Toolkit: Eventually you really should learn some basics of maintenance and you’ll end up getting a toolkit.

Personally, I love the way riding my bike has led to greater feelings of mechanical competence. I can fix things on my bike that I can’t fix on a car, which means I’m less helpless as a biker than as a driver.

Shopping aside: As I said in the post on buying a commuter bike you should go to your local bike shop, get to know them, and take them your business. In case you don’t have access to one that carries commuter gear, I’ve set up an Amazon associates store with bike accessories. It isn’t everything I’d like to show you but it’s a start. As for my commitment to buying locally, Amazon is headquartered in my home state so the taxes they pay help support things in my city.

Related Reading


Posts in our 30 Days of Biking Blogging Inspiration & How-to Series for Sept. 2011 30 Days of Biking

  1. 30 Days of Bike Commuting: You Can Do It!
  2. Why We Ride/Resolve to Ride–A Blogspedition
  3. Preparing to Commute by Bike: Get the Worry out of the Way
  4. Buying a Bike for Commuting: Some Questions and a Blogspedition
  5. How to Bike Commute: Getting the Gear Together
  6. Bike Commuting 101: Carrying Stuff
  7. On a Roll with Wilma Flanagan
  8. 30 Days of Biking: Week One Report
  9. Ride with your Community: SpokeFest Rocks!
  10. There and Back Again: How to Pick your Bike Commute Route
  11. Intro to Bike Commuting: Route Selection Part 2
  12. More Bike Commuting Route Selection Tips: Part 3
  13. Thinking Like a Driver vs. Thinking Like a Bicyclist
  14. Biking as Downtime and other Musings on Overproductivity
  15. 30 Days of Biking: Week Two Report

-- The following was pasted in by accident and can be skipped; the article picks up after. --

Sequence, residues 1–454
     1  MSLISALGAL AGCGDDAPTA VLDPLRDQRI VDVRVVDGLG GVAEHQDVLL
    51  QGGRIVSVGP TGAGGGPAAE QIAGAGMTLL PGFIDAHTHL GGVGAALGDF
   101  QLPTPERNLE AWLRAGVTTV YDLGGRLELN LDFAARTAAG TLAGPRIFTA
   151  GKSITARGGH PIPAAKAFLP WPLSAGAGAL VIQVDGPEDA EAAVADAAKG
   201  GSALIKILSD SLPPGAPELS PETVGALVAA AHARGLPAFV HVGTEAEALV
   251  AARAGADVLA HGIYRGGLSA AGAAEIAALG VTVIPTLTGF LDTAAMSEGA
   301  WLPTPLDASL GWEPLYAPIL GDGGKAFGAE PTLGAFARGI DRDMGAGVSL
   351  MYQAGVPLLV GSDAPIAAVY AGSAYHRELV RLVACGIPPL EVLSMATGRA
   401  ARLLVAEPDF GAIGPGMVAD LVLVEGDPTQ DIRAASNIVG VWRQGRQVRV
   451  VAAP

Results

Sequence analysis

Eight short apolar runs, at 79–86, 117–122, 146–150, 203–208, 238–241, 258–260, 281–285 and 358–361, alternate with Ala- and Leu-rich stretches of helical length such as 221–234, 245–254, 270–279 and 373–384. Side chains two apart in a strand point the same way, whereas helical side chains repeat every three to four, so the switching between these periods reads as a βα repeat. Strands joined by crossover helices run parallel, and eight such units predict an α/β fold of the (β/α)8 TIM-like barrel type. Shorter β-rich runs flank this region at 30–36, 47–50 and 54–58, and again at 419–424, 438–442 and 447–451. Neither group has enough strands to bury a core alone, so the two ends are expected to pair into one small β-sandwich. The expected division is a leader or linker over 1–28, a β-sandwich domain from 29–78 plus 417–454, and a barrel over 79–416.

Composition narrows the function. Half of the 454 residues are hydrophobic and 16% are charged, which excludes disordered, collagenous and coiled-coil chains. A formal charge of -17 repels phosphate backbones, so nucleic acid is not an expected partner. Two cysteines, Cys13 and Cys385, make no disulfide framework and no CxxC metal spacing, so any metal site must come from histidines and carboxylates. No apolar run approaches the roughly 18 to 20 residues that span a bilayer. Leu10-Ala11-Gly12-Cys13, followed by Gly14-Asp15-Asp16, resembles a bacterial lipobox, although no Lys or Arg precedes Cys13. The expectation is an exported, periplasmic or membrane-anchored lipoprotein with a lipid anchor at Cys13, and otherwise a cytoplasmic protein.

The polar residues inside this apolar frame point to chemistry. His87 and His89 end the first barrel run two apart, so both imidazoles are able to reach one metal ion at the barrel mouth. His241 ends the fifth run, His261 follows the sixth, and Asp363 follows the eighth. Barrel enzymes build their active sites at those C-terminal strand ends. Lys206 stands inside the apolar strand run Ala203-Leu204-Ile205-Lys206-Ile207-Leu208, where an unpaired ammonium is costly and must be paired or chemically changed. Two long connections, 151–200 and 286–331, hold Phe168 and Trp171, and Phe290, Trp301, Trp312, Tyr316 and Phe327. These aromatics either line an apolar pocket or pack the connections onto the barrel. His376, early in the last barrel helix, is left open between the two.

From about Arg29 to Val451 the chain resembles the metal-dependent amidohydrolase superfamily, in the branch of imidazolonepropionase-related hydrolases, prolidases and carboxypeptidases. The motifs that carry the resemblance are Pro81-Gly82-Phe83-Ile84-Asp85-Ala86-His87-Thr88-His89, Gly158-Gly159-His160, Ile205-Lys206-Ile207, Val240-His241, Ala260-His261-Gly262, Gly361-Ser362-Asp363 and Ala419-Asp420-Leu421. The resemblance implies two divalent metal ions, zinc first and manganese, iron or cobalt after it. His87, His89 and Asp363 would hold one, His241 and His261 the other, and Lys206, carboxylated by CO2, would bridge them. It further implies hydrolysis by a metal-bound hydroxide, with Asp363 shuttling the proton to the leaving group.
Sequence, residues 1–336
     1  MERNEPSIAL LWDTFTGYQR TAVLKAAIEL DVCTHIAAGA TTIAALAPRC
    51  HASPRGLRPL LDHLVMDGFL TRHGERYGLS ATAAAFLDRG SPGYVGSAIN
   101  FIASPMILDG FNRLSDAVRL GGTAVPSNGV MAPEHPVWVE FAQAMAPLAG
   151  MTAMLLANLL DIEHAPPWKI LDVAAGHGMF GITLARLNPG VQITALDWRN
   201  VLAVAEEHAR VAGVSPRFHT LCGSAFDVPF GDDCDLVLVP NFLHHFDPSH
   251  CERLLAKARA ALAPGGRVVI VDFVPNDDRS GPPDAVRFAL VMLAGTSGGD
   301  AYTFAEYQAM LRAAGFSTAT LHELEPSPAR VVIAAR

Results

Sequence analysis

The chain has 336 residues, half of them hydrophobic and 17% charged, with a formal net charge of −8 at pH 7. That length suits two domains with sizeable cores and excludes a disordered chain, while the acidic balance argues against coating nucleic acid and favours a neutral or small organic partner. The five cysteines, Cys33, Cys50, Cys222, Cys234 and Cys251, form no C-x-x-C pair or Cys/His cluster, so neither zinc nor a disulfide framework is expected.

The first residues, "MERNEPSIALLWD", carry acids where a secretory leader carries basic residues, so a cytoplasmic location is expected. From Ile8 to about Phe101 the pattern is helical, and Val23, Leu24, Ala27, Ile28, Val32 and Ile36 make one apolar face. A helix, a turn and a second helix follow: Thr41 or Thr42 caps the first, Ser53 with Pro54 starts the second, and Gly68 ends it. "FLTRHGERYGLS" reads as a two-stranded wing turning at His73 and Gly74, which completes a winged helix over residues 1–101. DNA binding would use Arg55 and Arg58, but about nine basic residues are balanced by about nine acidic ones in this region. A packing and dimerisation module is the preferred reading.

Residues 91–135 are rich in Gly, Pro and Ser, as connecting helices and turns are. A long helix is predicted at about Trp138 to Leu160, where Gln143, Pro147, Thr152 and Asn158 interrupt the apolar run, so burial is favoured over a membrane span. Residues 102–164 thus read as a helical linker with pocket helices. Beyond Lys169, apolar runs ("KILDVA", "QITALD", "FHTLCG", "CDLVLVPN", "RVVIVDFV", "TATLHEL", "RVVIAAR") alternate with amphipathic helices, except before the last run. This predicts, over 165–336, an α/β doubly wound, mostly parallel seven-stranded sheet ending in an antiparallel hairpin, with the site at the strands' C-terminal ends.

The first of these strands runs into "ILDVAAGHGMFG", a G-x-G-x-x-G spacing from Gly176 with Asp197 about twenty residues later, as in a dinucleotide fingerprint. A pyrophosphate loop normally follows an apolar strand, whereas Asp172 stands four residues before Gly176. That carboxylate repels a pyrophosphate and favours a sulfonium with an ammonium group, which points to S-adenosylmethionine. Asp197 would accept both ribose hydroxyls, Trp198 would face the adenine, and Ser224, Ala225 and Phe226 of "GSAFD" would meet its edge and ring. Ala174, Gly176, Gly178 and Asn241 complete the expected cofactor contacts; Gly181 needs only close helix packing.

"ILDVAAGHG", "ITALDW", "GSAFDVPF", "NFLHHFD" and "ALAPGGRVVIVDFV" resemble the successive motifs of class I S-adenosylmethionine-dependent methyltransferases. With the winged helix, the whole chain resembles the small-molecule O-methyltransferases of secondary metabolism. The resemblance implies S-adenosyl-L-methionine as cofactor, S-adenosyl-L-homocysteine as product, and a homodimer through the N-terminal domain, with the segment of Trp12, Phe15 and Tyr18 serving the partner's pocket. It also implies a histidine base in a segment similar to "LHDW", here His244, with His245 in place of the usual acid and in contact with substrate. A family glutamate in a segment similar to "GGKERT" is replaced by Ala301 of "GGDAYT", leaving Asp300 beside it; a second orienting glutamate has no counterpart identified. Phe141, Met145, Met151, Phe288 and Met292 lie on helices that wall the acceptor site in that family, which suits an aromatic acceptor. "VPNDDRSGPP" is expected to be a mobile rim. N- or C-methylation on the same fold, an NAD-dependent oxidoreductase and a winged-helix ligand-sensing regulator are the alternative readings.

16. On a Roll with Katherine Widing
  17. I Shouldn’t Assume
  18. Falling Down on Your Bike. It Happens. To Grown-Ups.
  19. Pretty Handy, Gloves. The Blogspedition Assumes You’ll Get ‘Em.
  20. What to Wear for Your Bike Commute? Clothes.
  21. How to Get a Dropped Bike Chain Back On, Grease-Free
  22. 30 Days of Biking: Week Three!
  23. It’s All in the Attitude
  24. Things I Now Do on My Bike Without Having to Think About It
  25. Mental Essentials for Bike Commuting: Risk and Trust
  26. More Mental Essentials for Bike Commuting: Friendliness and Openness
  27. Even More Mental Essentials for Bike Commuting: Tolerance, Humor, and Persistence
  28. Bicycling Rites of Passage, Spokane Style
  29. Dear Reader, I Chicked Him
  30. 30 Days of Biking: Final Report!

Your Turn

  • What’s next on your list for commuter gear to add to your bike?
  • Is there a product you love that you tell everyone to get?
July 22, 2011

Bike-Friendly Restaurants

Yesterday I had lunch with a friend in downtown Spokane. When she asked where we should go for lunch, I suggested two places–both specifically because they have a bike rack in front or within the same block.

Now, I have various coping mechanisms when I go to a business that doesn’t offer a bike rack. But when I have the choice to support a business with my dollars I’ll support one that recognizes a bike rack is a real drawing card for customers, whether they installed it themselves or were just smart enough to pick a good location or ask the building owner to put one in.

Bike racks at the Elk Restaurant, Browne's Addition, Spokane, WA

How many cars could you park in this spot? One. How many customers would you want if you owned that restaurant?

It’s a cost-effective drawing card, too. Did you know you can park anywhere from 8-16 bikes in the space of one car? If you owned a store or restaurant how many customers would you rather have–16 or one? That’s why the Elk in Browne’s Addition asked the city to remove a parking spot and install racks, then threw a big party to celebrate. As I pointed out in the post on Bikespedition #1 to Carnegie Square, biking customers can be our own mini-stimulus for the local economy–so easy to stop and shop lots of places!